If the Rockies weren't serious about their 2017 effort, they wouldn't have given a five-year, $70 million contract to Ian Desmond that also cost them the No. 11 overall Draft pick. With a new manager in Bud Black, one of the great young players in the game in Nolan Arenado, an improving young rotation and a lineup that, because of the Coors Field conditions, is a good bet to score five runs a game again in '17, this is a club that believes it can make waves in the National League West.
But it still needs another piece, and that piece is Jose Quintana.
Anthony Castrovince has been a reporter for MLB.com since 2004. Read his columns and follow him on Twitter at @Castrovince. This story was not subject to the approval of Major League Baseball or its clubs.
Spring is in the air: First workout dates announced
Despite the frigid temperatures throughout many big league cities, Major League Baseball's announcement Tuesday of the first workout dates of Spring Training should be enough to warm the hearts of baseball fans everywhere.
The following are the first Spring Training workout dates, subject to change, both for pitchers and catchers and full squads of the 30 Major League clubs.
DENVER -- Do the Rockies have another fearless, avant-garde move in them before Spring Training starts next month? With a bullpen that could still used some shoring up, there seems to be a move in the offing. A big contract for a slugger or a trade to shake up the roster also are possible, but far less likely.
Last month, the Rockies had folks thinking -- or scratching their heads -- when they signed Ian Desmond for five years and $70 million, and announced he would convert to being a first baseman. After playing shortstop, often with distinction, for the Nationals from 2009-15, he converted to the outfield with the Rangers last year and made an All-Star Game appearance. Now he'll take first base, and he could be a valuable bat toward the middle and bottom of the order.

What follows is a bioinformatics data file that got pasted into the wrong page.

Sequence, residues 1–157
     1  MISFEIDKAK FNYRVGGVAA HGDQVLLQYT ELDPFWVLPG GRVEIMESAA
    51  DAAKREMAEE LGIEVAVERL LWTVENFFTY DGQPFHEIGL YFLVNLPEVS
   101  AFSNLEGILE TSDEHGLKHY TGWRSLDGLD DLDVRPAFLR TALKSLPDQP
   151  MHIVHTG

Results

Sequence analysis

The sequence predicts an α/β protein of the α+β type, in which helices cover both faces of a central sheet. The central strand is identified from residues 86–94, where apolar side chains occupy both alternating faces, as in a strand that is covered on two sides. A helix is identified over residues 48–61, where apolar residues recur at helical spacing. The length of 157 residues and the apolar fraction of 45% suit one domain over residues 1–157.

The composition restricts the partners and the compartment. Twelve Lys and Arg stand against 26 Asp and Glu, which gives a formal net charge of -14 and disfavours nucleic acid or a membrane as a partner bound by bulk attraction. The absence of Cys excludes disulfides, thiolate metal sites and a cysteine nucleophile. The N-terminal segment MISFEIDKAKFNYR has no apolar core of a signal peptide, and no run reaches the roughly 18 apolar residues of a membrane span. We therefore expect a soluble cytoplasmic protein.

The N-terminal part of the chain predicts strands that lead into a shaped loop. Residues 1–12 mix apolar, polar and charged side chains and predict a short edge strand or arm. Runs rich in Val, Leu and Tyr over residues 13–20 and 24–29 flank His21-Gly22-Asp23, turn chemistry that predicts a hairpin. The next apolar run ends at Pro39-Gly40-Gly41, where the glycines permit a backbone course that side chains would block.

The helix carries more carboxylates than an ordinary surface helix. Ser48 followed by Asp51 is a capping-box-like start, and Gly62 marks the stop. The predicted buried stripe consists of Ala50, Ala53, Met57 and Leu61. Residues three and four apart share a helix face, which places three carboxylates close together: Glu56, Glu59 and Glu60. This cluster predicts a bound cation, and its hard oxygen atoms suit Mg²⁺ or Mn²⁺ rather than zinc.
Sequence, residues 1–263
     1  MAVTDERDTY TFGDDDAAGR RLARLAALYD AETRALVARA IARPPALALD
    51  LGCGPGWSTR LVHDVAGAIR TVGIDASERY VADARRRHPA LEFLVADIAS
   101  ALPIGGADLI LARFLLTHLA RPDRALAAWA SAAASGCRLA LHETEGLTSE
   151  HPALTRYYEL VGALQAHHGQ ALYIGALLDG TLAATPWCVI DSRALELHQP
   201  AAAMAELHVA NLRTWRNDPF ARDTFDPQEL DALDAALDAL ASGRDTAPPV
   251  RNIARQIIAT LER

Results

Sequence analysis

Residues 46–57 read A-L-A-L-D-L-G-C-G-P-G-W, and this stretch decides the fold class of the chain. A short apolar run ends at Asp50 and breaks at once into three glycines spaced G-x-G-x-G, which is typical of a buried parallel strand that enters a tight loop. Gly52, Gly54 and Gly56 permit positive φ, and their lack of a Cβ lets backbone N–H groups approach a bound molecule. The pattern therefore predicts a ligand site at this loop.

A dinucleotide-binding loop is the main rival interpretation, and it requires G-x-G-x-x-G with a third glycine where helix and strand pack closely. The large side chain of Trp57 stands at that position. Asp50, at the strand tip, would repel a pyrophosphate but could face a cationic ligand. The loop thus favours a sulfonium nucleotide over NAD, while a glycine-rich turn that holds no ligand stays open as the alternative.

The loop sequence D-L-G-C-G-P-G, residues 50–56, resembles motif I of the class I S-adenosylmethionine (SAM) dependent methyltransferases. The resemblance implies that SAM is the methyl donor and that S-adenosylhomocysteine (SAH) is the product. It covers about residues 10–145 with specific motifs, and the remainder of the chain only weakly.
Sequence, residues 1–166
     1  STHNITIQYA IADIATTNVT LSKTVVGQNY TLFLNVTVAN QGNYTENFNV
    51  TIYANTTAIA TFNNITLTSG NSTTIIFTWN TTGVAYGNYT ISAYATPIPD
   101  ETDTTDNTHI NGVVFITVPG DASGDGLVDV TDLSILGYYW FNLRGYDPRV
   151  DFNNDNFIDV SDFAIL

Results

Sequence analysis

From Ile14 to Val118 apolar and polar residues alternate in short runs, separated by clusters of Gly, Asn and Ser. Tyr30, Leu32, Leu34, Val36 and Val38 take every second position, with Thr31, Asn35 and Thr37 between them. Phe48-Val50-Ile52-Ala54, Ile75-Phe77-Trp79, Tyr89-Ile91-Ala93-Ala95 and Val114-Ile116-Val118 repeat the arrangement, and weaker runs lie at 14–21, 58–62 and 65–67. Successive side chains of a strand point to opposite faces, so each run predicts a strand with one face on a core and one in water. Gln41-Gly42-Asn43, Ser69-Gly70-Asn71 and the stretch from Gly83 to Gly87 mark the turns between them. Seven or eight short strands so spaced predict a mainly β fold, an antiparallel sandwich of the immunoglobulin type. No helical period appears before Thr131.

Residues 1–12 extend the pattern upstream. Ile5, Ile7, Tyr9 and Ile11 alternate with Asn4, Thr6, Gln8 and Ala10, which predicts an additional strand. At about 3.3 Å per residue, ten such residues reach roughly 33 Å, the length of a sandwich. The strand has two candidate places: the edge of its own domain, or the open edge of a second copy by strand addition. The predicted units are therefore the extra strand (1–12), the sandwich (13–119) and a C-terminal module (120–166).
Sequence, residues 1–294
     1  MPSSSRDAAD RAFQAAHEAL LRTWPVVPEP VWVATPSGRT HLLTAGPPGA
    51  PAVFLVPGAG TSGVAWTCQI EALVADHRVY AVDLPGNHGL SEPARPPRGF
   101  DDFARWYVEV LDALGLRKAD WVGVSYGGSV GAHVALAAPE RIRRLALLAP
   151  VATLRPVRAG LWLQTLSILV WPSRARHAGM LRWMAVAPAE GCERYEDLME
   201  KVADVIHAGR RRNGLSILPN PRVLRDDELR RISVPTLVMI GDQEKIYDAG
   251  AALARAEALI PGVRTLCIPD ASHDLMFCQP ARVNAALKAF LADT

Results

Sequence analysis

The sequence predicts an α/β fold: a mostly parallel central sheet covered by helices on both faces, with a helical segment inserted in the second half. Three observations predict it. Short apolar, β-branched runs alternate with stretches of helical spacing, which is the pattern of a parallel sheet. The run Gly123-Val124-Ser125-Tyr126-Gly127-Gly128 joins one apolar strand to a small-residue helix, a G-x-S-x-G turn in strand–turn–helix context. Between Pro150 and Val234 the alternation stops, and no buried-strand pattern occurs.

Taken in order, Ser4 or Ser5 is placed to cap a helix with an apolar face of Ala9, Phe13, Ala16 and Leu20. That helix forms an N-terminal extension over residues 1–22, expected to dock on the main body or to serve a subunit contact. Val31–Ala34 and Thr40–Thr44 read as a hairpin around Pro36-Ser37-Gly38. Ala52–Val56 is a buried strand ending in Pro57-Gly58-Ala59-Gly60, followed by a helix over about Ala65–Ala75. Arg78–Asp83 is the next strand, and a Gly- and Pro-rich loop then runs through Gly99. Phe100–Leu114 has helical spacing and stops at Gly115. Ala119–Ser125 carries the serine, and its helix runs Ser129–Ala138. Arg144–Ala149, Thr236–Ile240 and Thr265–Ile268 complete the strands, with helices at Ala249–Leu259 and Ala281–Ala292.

DENVER -- Rockies right-handed pitcher Jon Gray loves searching for paranormal activity, and doesn't even mind finding it. But he wants to leave it right where it is.
"I go chase ghosts all day," Gray said during a wide-ranging and somewhat whimsical interview with MLB Network Radio's Casey Stern on Thursday. "But I don't know if I want them coming back to where I'm at."
Nolan Arenado and his cousin, Rockies Minor Leaguer Josh Fuentes, were together for New Year's Eve on Saturday, so they did what any family featuring two professional ballplayers would do: They played a game of baseball in the street and live-streamed it on Instagram.
DENVER -- Catcher Tony Wolters joined the Rockies as a waiver claim last February, but by the end of his rookie season in the Majors, he had become a folk hero in the science of pitch-framing.
According to Baseball Prospectus, Wolters finished fifth in the Majors in called strikes above average at .017. That means out of every 100 pitches, his ability to handle borderline pitches amounted to just under two extra strikes. But Wolters, who was claimed from the Indians at the start of Spring Training last year, sees pitch-framing as a flesh-and-blood act, not just a soulless calculation.
DENVER -- The Rockies' 2016 was mostly a year of hope. While it's true that disappointment and discord marred the final months of the season, the Rox finished the calendar year sparking even more hope.
The 2016 season in Major League Baseball was one of inspiring feats of athleticism, ballparks packed with ecstatic fans and the undeniable drama that comes with America's pastime. At the end of the 162-game push and an amazing October, one team was standing: the Chicago Cubs, who broke a 108-year championship drought and won the World Series for the National League.